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T h e . E y e


Many years ago, I began regular acupuncture therapy, to seek relief from physical pain that a host of narcotics was unsuccessful in resolving. The doctor that treated me also offered natural herbs for healing, but when I asked her to suggest which would be best in my treatment, she said none.

She said it would be useless to take natural herbs while taking pain medication and advised that I revisit the option when the meds had cleared my body. Today this seems like a no-brainer, which led me to consider all the routes we take to rid ourselves of what hurts, because pain doesn’t separate the physical from the emotional, or the emotional from the spiritual; so often we’re left divided, grasping to identify and peace together the parts of ourselves that have unknown prescriptions – alone.

I don’t necessarily agree that natural herbs would not have benefited me at all. Perhaps not physically, but I imagine there would have been psychological or spiritual impact in the exercise of ingesting nature that can’t be measured against the effect of pain relief as a whole.

Someone I speak with once a year recently asked whether I was dating ‘yet,’ so I thought back on the acupuncturist, and how three years ago I thought dating was the answer to a general social expectation of moving on. In that time, I’d not been compelled to expose myself to that space, except in moments when that question came up, to soon fade after I’d found a way to brush it off. I gave her the same answer I gave the last three years.

“I feel this will be the year,” I said.

She responded to say I deserved it, a statement I affirmed, finding it easier to be agreeable, then to go into the depths of her intended meaning. Internally I questioned what it was she felt I deserved, what she thought I was worthy of that I’d not already been given. As she continued asking questions I felt uncomfortable with, it dawned on me that in the past, I must have expressed lack, if not directly, then indirectly. Other than what I’ve written, I’ve not expressed out loud that I’ve been lonely, but because I haven’t dated, it’s assumed I am, and though not incorrect, I don’t want to take up dating for the purpose of curing loneliness.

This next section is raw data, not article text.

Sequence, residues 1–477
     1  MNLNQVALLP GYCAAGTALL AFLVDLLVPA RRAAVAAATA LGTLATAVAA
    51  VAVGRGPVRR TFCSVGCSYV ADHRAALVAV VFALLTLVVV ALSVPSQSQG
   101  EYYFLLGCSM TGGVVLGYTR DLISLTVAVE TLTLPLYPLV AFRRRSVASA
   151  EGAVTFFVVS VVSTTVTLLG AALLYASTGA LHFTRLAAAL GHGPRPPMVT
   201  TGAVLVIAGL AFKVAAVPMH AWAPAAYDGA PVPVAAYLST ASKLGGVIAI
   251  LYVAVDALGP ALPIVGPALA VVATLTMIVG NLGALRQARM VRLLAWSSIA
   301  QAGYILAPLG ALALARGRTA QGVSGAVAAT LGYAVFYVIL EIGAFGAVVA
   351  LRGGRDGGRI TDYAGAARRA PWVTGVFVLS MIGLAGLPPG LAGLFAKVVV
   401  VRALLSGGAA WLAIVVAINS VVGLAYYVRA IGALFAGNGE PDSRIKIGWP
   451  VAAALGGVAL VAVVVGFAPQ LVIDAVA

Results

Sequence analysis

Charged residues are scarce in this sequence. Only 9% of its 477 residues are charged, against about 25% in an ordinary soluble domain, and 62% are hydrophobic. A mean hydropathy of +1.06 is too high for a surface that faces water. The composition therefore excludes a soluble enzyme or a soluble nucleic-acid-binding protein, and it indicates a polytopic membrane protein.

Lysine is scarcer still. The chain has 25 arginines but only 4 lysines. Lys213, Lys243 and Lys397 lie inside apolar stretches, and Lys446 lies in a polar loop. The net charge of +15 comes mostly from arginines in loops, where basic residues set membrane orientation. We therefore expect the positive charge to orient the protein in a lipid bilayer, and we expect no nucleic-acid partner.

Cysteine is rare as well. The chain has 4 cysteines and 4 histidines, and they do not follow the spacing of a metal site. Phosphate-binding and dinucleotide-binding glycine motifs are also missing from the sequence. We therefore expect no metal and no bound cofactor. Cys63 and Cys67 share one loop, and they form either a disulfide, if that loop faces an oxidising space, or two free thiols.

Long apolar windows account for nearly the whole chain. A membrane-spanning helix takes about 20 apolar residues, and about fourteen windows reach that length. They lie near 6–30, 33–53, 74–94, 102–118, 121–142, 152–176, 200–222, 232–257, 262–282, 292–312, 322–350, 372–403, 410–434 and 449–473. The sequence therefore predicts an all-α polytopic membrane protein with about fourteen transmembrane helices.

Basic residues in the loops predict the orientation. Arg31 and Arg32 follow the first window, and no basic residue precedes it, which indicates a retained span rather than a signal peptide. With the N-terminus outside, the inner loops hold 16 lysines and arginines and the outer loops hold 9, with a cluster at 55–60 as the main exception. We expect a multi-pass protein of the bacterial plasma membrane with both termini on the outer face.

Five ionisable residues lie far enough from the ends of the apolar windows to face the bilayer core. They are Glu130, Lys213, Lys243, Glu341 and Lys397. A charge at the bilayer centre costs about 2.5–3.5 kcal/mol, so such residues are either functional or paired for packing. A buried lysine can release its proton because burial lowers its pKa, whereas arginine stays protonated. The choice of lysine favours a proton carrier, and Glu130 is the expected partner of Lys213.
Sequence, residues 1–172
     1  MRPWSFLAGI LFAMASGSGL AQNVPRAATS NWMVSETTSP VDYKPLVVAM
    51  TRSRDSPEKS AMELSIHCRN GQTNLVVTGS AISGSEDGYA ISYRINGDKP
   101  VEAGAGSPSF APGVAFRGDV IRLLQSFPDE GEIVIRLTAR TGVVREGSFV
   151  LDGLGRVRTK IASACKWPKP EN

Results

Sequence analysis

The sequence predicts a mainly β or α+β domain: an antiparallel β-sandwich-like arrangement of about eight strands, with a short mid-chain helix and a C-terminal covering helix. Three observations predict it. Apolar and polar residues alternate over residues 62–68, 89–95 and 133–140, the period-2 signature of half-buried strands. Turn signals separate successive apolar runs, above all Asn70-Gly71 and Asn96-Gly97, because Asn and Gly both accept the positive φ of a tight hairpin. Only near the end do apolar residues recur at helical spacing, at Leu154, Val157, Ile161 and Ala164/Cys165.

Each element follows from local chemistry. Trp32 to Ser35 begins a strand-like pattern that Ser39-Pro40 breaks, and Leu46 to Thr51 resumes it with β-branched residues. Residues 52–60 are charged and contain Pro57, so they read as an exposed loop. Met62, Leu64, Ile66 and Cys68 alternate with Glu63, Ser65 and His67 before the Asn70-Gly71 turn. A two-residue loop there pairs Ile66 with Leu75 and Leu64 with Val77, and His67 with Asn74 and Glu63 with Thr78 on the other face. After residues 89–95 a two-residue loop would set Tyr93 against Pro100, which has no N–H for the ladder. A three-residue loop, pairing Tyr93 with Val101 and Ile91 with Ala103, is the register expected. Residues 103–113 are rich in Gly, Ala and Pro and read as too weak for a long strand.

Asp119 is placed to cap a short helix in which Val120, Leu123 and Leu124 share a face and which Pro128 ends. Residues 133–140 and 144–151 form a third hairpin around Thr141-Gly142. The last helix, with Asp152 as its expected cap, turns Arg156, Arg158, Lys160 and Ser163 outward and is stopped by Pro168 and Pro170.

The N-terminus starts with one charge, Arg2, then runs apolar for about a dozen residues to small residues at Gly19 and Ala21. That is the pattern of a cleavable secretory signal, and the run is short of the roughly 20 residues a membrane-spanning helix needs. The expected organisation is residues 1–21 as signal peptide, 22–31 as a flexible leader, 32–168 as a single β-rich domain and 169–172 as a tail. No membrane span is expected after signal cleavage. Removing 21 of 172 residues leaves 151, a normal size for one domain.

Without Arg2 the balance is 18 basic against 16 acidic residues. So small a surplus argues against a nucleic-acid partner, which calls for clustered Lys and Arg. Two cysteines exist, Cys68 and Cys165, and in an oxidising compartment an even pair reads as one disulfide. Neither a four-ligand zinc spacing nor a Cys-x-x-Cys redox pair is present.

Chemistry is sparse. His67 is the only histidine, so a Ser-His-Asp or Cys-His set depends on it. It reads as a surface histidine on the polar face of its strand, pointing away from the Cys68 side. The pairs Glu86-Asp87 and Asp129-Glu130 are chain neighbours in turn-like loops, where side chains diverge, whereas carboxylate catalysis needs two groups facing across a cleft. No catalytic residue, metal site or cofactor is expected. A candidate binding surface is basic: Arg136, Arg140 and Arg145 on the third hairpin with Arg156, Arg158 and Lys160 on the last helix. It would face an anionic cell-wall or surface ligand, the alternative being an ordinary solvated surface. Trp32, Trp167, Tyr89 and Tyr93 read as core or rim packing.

To exist in a state of loneliness is similar to living beneath the fog of depressants. I believe there is a correlation identical to what my acupuncturist expressed in that introducing the nature of another human being into our body, mind, and spirit, does not resolve or cure our dis-ease. We still must do the work to clear our fog, if we hope to see ourselves and others for the natural beauty that we are.

Yet I also believe loving another when in fog serves a purpose, because when love is introduced, it functions to alter internal preset temperatures and change our weather.

People date, fall in love, and marry in fogs every day. I like to think it’s because they understand the darkness of the other, and still choose to commit to their overall atmospheres, that they remain the focus above all seasonal conditions.

I know this isn’t always true.

Some hope another’s atmosphere will transform their own, and it can, for those strong enough to hold their umbrellas as a partner holds their hand. For those without a desire to gain or use that strength, a partner may be left to brave two storms, without stamina enough to hold onto anything except faith in sunshine for support.

So pain, acupuncture, herbs and the question of dating also brought a past question of love I once had into full circle. It’s been bittersweet – the taste of that circle, but only when on its perimeter. The truth is, there are no cures for the world’s ills except death, and if all of life continues to be a series of intermittent storms followed by peace, it is in the eye that I would choose to date, love and live; and with the man I love, I believe this might be our sweetest spot.


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